The results are proliferating on the store’s Instagram, as fetching young things (and others) apply themselves to finding the best angles and costumes for their lit-based Trompe-l’œil masterstrokes.

…even the ones that don’t quite pass the forced perspective test have the capacity to charm.

…and not every shot requires intense pre-production and precision placement.

Hopefully, we’ll see more kids getting into the act soon. In fact, if some youngsters of your acquaintance are expressing a bit of boredom with their vacances d’été, try turning them loose in your local bookstore to identify a likely candidate for a Book Face of their own.

(Remember to support the bookseller with a purchase!)

Back stateside, some librarians shared their pro tips for achieving Book Face success in this 2015 New York Times article. The New York Public Library’s Morgan Holzer also cites Sleeveface as the inspiration behind #BookfaceFriday, the hashtag she coined in hopes that other libraries would follow suit.

With over 50,000 tagged posts on Instagram, looks like it’s caught on!

See Librairie Mollats patrons’ gallery of Book Faces here.

Readers, if you’ve Book Faced anywhere in the world, please share the link to your efforts in the comments section.

via This is Colossal/Hyperallergic

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Ayun Halliday is an author, illustrator, theater maker and Chief Primatologist of the East Village Inky zine. In honor of her son’s 18th birthday, she invites you to Book Face your baby using The Big Rumpus, her first book, for which he served as cover model. Follow her @AyunHalliday.

Color Film Was Designed to Take Pictures of White People, Not People of Color: The Unfortunate History of Racial Bias in Photography (1940-1990)

In the history of photography and film, getting the right image meant getting the one which conformed to prevalent ideas of humanity. This included ideas of whiteness, of what colour — what range of hue — white people wanted white people to be. 

- Richard Dyer, White: Essays on Race and Culture

As the bride in the 2014 Interracial Wedding Photographer skit (see below) on her titular sketch comedy TV show, comedian Amy Schumer cast herself in a small but essential background role. She is for all practical purposes a living Shirley card, an image of a young white woman that was for years the standard photography techs used to determine “normal” skin-color balance when developing film in the lab.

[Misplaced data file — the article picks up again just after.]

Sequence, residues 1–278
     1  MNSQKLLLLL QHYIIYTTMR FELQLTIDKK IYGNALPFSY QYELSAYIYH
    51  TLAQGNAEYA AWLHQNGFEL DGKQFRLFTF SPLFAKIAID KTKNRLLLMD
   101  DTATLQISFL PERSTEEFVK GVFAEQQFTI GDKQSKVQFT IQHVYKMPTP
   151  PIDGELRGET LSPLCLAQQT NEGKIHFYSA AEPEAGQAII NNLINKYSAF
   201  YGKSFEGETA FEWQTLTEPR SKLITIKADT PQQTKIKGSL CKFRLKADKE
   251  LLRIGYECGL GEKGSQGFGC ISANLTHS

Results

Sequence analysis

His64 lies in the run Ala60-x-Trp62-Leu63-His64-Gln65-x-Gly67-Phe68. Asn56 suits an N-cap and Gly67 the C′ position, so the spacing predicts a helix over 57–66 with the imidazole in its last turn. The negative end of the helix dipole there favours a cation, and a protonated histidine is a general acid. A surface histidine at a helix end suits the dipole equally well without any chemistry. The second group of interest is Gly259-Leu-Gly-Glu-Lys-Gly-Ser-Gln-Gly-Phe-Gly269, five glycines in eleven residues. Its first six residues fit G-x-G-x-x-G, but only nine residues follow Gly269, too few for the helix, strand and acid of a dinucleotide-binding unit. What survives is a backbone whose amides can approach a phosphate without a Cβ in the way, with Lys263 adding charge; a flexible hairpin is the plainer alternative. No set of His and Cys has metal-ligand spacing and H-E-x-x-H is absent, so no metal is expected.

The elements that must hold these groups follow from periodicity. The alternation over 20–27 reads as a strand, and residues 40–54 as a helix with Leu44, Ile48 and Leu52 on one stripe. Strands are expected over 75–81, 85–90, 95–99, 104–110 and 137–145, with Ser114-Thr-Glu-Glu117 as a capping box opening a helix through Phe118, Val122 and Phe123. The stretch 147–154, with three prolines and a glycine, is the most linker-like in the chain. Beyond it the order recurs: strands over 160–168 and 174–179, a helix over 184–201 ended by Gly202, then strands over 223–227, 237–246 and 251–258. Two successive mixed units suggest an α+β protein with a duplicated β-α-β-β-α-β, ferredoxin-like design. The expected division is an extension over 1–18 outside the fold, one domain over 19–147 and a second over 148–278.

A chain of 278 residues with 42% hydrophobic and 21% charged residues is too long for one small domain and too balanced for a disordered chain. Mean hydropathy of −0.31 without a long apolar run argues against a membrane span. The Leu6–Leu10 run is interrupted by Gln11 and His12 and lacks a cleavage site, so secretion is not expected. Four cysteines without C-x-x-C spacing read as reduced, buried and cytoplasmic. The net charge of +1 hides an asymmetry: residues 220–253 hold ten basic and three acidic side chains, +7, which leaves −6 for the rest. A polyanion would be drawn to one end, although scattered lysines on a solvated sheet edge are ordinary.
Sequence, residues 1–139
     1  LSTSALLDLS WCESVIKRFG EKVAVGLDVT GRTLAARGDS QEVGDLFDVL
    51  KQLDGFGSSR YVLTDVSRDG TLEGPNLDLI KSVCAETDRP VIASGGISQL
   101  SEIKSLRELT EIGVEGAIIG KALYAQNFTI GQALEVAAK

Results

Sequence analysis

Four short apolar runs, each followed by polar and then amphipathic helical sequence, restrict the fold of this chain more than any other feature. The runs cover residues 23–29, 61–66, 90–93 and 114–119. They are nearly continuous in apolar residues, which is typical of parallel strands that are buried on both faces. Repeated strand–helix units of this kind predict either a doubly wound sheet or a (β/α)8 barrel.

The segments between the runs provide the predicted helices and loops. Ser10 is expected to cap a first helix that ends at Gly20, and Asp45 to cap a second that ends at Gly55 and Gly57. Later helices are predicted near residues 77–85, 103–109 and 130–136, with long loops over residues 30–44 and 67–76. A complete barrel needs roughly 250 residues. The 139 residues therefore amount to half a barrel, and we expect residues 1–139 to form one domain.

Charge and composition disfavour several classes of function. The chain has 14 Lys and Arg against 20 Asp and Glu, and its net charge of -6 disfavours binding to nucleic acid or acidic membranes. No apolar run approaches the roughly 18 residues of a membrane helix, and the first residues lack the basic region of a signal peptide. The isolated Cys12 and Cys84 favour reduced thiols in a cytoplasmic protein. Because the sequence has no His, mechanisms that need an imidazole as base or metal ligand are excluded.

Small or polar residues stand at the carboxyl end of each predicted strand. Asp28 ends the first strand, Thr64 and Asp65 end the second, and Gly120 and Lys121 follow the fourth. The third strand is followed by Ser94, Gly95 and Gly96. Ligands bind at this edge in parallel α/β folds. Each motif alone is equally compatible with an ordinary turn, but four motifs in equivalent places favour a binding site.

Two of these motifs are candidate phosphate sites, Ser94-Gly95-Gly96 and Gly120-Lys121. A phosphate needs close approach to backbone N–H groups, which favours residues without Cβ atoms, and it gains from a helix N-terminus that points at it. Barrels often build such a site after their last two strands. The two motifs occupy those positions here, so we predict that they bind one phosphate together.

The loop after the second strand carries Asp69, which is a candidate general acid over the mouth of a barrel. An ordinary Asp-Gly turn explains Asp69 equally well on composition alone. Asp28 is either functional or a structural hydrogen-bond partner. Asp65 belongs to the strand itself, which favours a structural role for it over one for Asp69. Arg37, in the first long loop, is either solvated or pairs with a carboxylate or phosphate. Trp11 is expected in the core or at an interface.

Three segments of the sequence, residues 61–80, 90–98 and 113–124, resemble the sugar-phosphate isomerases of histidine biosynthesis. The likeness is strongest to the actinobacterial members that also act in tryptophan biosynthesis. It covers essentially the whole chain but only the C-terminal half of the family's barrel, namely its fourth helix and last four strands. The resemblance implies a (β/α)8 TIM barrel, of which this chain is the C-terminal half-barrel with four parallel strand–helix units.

The Shirley card—named for its original model, Kodak employee Shirley Page--featured a succession of young women over the years, but skin tone-wise, the resemblance was striking.




As described by Syreeta McFadden in a Buzzfeed essay that also touches on Carrie Mae Weems' 1988 four-panel portrait, Peaches, Liz, Tamika, Elaine, a color wheel meme featuring actress Lupita Nyong'o, and artists Adam Broomberg and Oliver Chanarin's 2013 project that trained an apartheid-era Polaroid ID2 camera and nearly 40-year-old film stock on dark-skinned South African subjects as a lens for examining racism:

She is wearing a white dress with long black gloves. A pearl bracelet adorns one of her wrists. She has auburn hair that drapes her exposed shoulders. Her eyes are blue. The background is grayish, and she is surrounded by three pillows, each in one of the primary colors we're taught in school. She wears a white dress because it reads high contrast against the gray background with her black gloves. "Color girl" is the technicians' term for her. The image is used as a metric for skin-color balance, which technicians use to render an image as close as possible to what the human eye recognizes as normal. But there's the rub: With a white body as a light meter, all other skin tones become deviations from the norm.

This explains why the portrait session McFadden’s mom set up in a shopping mall studio chain yielded results so disastrous that McFadden instinctively gravitated toward black-and-white when she started taking pictures. Grayscale did a much better job of suggesting the wide variety of multicultural skin tones than existing color film.

In her 2009 paper "Looking at Shirley, the Ultimate Norm: Colour Balance, Image Technologies and Cognitive Equity," Concordia University media and communication studies professor Lorna Roth went into the chemistry of inherent, if unconscious, racial bias. The potential to recognize a spectrum of yellow, brown and reddish skin tones was there, but the film companies went with emulsions that catered to the perceived needs of their target consumers, whose hides were noticeably lighter than those of black shutterbugs also seeking to document their family vacations, milestones, and celebrations.

Industry progress can be chalked up to pressure from vendors of wood furniture and chocolate, who felt their dark products could look better on film.

Oprah Winfrey and Black Entertainment Television were early adopters of cameras equipped with two computer chips, thus enabling them to accurately portray a variety of individual tones simultaneously.

Who knew that Amy Schumer sketch, below, would turn out to have such historic significance? Once you know about the Shirley card, the comedy becomes even darker. Generations of real brides and grooms, whose skin tones fell to either side of Schumer’s TV groom, DJ Ali Shaheed Muhammad of A Tribe Called Quest fame, failed to show up in their own wedding photos, through no fault of their own.

via Vox

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Ayun Halliday is an author, illustrator, theater maker and Chief Primatologist of the East Village Inky zine.  Follow her @AyunHalliday.